I want to investigate the idea of making my story more believable to readers who are reflexively skeptical of my story's themes.

2
  • 2
    So ... out of "gay Superman who is born on a Nazi version of Krypton and is forced to become a slave because he's gay ... the planet is ruled by literal supermen space Nazis" the bit he found unbelievable was "gay"? :-) Jan 27 at 0:10
  • 1
    Not enough for an answer, but: your family member is almost certainly dealing with some... bias. Ignore them. Write your gay superman story. --- Separately, having your MC start as the strongest superman is probably not satisfying, mostly because readers would expect him to physically fight from the beginning. There's a certain irony in having some aspect of his slavery unlock his full potential - the societal disgrace is supposed to break him but instead it is a source of strength.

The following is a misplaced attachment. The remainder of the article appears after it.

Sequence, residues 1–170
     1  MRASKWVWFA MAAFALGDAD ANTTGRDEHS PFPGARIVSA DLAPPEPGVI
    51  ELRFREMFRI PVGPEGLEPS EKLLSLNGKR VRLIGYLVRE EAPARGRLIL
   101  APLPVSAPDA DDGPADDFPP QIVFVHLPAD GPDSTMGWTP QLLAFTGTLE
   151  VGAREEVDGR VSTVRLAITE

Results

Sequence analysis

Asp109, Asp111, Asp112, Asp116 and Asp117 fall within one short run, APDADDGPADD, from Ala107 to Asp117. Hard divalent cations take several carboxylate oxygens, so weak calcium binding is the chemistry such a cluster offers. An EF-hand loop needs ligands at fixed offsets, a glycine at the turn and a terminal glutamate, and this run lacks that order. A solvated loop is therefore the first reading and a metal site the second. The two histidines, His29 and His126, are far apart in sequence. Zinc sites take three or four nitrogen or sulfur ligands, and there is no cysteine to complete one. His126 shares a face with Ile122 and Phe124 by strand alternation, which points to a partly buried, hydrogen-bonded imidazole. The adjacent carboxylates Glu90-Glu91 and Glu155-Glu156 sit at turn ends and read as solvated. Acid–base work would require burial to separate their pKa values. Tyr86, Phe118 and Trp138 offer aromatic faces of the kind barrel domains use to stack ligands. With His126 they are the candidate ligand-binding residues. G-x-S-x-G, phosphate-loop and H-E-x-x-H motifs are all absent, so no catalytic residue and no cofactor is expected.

– codeMonkey
    Feb 2 at 21:12

4 Answers 4

2

The credibility of a story depends for the most part on its consistency. In other words, even the wildest and weirdest elements of your story can be believable if they belong to the world you have crafted and can be explained by deductive logic and reasoning.

Exhibit A: Star Wars. Light sabers are ridiculously unrealistic. Yet they are a very appealing mix of old fashioned weapons (swords) and sci-fi elements (laser). People loved it, accetepd it, even though they knew light sabers cannot exist in our slice of reality. But in the sci-fi universe of Star Wars light sabers are accepted because that universe is futuristic enough to open up possibilities that seem unrealistic to us in the here and now we're living in. There are space ships and a guy with black suit and a little green guy and planets and these desert people selling robots - sure, why not a lightsaber. Lasers are cool and part of a space ship's standard equipment. Lasers are part of the world. At some sunny day back in the Old Days some crafty engineer finally succeeded in making a sword-like weapon out of it and called them light sabers.

Grab a sci-fi movie from the 50s or 60s and check how they pictured the 2000s. Back then that stuff was cool and seemed possible. People accepted flying cars, space stations, robots, you name it. With computers, Sputnik, and all the other new stuff anything seemed possible.